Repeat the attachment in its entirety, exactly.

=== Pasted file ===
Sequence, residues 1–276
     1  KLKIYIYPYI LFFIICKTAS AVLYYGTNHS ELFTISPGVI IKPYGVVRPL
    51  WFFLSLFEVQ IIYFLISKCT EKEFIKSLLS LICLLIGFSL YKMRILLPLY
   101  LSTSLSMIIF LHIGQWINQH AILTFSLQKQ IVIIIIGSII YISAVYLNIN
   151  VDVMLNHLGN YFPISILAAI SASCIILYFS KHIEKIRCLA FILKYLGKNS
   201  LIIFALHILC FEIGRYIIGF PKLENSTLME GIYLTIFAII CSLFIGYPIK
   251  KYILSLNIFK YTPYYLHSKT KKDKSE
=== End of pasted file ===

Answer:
Sequence, residues 1–276
     1  KLKIYIYPYI LFFIICKTAS AVLYYGTNHS ELFTISPGVI IKPYGVVRPL
    51  WFFLSLFEVQ IIYFLISKCT EKEFIKSLLS LICLLIGFSL YKMRILLPLY
   101  LSTSLSMIIF LHIGQWINQH AILTFSLQKQ IVIIIIGSII YISAVYLNIN
   151  VDVMLNHLGN YFPISILAAI SASCIILYFS KHIEKIRCLA FILKYLGKNS
   201  LIIFALHILC FEIGRYIIGF PKLENSTLME GIYLTIFAII CSLFIGYPIK
   251  KYILSLNIFK YTPYYLHSKT KKDKSE